December 1 marks World AIDS Day.  While the atmosphere is looking rather optimistic and we have a President who is supportive of health care for all, we must not grow complacent. We must remain ever vigilant if our goal is to get to Zero new infections and Zero new deaths due to the impact of HIV.

For those of us that were alive in the 1980s, we saw the devastation of the gay male community, where doctors would refuse to treat gay men impacted by HIV.  We had to witness President Reagan not even saying the word AIDS or recognizing the epidemic.

The Gay Community had double the stigma: being gay and impacted by HIV.  Most of us can talk about friends we lost.  Let us hope those types of conversations have been — or soon will be — relegated to the past.

Today is a great invitation to the world to stand in solidarity with all of our brothers and sisters who are impacted by HIV.

Mental Health and Stigma

8 May

Progressive Health Care

Part of social justice is working to enfranchise marginalized populations.  Sadly, people living with mental health issues are too often marginalized and worry about stigma.  I was even anxious when I talked about my own struggles with depression.  I say with great certainty that most humans either struggle with some form of mental illness, or have family and friends who struggle.

Here in the United States, we can’t even talk about health care for all much less actually talk about treating mental health issues.  Here is where I would like to call attention to the amazing and progressive country of New Zealand.  New Zealand is tackling the issue of mental health with an advertising campaign that is compassionate, humane, and affirming in the attempt to remove stigma.  Click here to see part of this video campaign.

Action steps: not only do we need to make sure the Affordable Health Care Act passes, but we need to expand the act to take care of all of our brothers and sisters.

Milton Hershey School: Playground for Discrimination

7 Dec

Say NO to Discrimination

When I think of schools, I think of places designed to educate, empower, and enlighten students in a safe and nurturing way.  Granted, I know not all schools live up to this notion, but to learn of a school that actively discriminates against an already vulnerable population is profoundly disturbing.  What is unforgivable to me is that a school, the Milton Hershey School, is contributing to the stigma and prejudice that exists against those living with HIV.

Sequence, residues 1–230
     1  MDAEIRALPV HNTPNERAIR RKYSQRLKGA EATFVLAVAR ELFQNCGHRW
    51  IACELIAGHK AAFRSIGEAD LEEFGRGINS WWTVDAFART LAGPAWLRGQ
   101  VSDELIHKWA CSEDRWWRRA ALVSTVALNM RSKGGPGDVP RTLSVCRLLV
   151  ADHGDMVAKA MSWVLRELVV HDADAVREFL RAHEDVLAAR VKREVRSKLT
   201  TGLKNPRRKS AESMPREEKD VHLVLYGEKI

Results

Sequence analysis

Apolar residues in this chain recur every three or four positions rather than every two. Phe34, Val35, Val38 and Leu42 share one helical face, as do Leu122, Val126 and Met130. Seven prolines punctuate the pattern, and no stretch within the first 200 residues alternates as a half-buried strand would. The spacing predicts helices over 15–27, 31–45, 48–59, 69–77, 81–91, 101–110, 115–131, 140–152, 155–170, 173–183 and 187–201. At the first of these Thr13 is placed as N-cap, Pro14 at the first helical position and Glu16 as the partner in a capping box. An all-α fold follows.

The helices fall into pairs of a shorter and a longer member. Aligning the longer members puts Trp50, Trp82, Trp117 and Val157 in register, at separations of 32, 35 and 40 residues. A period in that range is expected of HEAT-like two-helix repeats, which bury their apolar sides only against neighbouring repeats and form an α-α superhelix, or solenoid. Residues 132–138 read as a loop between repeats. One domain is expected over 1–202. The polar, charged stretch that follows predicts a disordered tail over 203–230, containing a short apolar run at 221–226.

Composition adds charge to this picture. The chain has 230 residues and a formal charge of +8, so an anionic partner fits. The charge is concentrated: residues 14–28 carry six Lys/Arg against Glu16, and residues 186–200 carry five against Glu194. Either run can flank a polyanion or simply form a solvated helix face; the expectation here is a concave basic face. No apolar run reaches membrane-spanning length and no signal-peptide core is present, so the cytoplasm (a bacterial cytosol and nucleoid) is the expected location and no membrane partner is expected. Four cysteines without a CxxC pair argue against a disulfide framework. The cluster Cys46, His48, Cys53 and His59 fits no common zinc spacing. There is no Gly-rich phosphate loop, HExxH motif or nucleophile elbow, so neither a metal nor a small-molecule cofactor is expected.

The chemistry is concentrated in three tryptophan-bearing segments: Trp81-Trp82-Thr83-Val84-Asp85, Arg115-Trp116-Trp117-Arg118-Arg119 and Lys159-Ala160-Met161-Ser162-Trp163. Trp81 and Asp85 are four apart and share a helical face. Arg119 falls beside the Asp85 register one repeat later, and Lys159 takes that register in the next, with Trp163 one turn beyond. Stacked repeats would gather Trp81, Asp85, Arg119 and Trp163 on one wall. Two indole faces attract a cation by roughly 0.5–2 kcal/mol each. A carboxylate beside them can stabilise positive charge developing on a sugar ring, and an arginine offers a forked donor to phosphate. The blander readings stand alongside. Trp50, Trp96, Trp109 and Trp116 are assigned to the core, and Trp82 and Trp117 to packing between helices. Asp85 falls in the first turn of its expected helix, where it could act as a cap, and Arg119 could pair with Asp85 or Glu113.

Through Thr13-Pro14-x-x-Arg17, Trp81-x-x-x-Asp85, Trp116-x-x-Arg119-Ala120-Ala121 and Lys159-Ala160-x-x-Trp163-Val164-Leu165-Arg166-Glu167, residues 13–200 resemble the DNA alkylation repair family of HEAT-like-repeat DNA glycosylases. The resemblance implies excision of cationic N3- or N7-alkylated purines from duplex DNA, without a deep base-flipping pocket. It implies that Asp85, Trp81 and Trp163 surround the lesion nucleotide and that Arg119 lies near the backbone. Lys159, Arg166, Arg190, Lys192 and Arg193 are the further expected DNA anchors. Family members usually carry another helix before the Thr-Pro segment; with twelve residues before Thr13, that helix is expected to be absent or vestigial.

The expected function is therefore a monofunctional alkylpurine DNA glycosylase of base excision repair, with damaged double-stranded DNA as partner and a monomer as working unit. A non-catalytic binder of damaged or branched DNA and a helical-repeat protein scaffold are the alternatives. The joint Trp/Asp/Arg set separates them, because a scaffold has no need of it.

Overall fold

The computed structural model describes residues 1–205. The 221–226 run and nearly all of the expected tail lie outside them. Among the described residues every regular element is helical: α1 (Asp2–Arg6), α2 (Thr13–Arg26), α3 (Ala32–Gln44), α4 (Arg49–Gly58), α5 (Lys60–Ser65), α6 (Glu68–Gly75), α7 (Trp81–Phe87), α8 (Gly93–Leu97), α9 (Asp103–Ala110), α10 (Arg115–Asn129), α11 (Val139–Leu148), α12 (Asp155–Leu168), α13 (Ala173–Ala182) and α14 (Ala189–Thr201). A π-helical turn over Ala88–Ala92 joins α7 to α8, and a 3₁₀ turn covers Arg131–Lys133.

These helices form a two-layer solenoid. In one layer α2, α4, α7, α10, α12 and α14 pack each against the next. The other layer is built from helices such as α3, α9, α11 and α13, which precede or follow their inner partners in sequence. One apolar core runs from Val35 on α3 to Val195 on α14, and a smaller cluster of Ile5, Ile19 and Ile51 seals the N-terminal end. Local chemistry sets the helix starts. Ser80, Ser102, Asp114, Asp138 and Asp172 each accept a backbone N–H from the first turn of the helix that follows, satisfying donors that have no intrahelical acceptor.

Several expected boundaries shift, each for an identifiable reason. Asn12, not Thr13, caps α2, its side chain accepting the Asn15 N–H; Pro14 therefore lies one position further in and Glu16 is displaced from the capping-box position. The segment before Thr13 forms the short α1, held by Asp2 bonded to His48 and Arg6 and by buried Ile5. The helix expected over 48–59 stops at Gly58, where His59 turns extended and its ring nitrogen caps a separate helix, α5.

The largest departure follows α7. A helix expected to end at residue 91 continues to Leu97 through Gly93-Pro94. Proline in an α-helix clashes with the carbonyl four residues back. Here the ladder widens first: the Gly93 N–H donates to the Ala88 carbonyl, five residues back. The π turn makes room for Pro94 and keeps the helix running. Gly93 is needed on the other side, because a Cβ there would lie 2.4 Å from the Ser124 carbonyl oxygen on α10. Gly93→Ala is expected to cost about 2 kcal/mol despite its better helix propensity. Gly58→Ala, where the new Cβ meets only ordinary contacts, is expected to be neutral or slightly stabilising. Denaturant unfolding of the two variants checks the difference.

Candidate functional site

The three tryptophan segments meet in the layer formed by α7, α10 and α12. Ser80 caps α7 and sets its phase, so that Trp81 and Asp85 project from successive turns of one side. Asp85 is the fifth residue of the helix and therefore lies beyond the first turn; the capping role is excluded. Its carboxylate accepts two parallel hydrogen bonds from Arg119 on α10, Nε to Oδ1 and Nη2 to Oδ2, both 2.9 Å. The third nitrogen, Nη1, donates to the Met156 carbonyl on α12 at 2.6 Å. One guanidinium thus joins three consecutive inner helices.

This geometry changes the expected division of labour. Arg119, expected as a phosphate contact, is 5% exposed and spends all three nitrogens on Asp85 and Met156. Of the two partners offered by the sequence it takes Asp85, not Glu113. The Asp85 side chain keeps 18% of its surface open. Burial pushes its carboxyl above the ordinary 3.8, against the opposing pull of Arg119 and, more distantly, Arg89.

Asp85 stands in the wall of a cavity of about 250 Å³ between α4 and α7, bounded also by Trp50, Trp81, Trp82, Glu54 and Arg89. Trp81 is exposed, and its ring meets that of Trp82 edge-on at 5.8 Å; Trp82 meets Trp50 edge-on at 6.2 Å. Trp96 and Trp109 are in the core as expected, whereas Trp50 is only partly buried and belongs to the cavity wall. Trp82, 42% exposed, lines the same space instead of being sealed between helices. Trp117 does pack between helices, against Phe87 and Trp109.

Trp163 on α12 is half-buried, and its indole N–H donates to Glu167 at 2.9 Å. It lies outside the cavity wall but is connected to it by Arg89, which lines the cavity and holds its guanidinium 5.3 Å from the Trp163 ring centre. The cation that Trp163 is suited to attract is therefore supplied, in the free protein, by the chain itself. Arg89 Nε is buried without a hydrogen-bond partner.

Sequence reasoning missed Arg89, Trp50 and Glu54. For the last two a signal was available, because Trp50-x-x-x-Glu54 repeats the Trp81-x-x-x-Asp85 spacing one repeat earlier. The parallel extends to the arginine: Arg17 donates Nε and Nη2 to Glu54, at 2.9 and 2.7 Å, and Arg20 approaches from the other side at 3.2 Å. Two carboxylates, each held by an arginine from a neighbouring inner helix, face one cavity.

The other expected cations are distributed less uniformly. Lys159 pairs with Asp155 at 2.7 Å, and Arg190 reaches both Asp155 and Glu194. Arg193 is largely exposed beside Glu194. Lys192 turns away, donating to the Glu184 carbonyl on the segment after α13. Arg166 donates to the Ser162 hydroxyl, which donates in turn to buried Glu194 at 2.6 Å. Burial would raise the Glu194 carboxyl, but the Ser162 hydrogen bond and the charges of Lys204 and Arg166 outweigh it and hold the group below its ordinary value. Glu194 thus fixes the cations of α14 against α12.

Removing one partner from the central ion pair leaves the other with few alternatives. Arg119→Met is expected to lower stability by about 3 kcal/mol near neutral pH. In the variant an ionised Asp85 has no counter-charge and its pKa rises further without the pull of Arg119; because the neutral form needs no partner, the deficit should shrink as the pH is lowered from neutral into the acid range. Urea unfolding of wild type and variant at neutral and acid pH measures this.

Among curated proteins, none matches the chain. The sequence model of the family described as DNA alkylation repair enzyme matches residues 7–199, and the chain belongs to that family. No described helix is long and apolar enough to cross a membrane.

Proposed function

When reading the mission statement of the Milton Hershey School, I have to say that it sounds like such a wonderful environment and resource for students:

Milton Hershey School nurtures and educates children in social and financial need to lead fulfilling and productive lives.

The vision statement is even more impressive:

Today, Milton Hershey School is a cost-free, private, coeducational home and school for children from families of low income, limited resources, and social need. The School is funded by a trust established by Milton S. Hershey and his wife Catherine. Milton Hershey School offers a positive, structured home life year-round and an excellent pre-kindergarten through 12th grade education. Our vision focuses on building character and providing children with the skills necessary to be successful in all aspects of life.

To learn that the Milton Hershey School denied admission to a 13-year old who is living with HIV seems to run contrary to the mission and vision of the school.  How is the school “building character” when they are modeling discrimination?

I spent some time trying to reach anyone at the Milton Hershey School for comment, but to no avail. I encourage all TSM readers to take action by clicking here and signing a petition telling the school that it is unacceptable to deny admission to students living with HIV.  How sad that we have to educate a school about HIV and that it is not an easily communicable disease.

While discriminating against anyone living with HIV is in violation of the Americans with Disabilities Act, the Milton Hershey School states:

…we cannot accommodate the needs of students with chronic communicable diseases that pose a direct threat to the health and safety of others.

The school is desperately in need of an HIV 101 education class, for then they would know that admitting this 13-year old boy does not pose a threat to the health and safety of others.  Is this 1985?  Is Ronald Reagan still alive and now working at the Milton Hershey School?